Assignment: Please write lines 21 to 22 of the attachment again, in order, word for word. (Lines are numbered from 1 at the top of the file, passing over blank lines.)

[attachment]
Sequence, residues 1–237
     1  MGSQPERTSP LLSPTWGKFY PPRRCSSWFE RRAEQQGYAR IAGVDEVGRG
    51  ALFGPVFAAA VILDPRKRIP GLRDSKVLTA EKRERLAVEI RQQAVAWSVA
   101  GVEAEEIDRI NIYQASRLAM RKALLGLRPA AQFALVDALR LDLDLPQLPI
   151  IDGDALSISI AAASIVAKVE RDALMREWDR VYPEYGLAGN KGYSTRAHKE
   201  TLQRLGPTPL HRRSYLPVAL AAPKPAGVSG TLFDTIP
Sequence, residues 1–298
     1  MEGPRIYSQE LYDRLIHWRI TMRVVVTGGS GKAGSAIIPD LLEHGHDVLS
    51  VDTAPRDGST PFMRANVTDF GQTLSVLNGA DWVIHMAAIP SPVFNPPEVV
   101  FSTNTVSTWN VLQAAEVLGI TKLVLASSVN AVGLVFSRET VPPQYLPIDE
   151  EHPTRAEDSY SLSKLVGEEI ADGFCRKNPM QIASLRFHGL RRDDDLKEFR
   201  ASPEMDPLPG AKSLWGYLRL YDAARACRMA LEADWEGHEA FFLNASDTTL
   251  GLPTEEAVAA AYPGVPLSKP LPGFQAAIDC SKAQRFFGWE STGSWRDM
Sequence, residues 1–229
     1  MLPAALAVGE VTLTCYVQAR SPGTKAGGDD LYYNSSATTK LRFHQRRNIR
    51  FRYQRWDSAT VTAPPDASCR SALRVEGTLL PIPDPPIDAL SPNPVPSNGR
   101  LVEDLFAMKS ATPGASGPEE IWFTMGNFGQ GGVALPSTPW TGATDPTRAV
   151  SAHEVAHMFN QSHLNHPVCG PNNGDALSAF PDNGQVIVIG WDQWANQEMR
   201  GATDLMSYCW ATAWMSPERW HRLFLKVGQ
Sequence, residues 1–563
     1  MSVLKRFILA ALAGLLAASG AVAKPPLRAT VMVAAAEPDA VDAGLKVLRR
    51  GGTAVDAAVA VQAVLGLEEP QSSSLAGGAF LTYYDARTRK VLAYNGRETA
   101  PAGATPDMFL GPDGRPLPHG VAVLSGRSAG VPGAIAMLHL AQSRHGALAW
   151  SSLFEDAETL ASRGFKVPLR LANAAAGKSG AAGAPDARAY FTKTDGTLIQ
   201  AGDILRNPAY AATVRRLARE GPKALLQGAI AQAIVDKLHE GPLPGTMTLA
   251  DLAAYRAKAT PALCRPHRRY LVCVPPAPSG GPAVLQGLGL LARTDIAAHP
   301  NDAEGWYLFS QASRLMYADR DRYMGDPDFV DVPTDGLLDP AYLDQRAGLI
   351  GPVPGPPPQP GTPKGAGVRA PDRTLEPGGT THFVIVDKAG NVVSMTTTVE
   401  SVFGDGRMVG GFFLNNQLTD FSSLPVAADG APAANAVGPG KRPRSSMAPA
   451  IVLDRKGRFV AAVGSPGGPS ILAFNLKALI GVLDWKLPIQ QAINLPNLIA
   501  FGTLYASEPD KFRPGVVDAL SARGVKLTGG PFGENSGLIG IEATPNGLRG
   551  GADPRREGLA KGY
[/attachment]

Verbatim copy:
     1  MSVLKRFILA ALAGLLAASG AVAKPPLRAT VMVAAAEPDA VDAGLKVLRR
    51  GGTAVDAAVA VQAVLGLEEP QSSSLAGGAF LTYYDARTRK VLAYNGRETA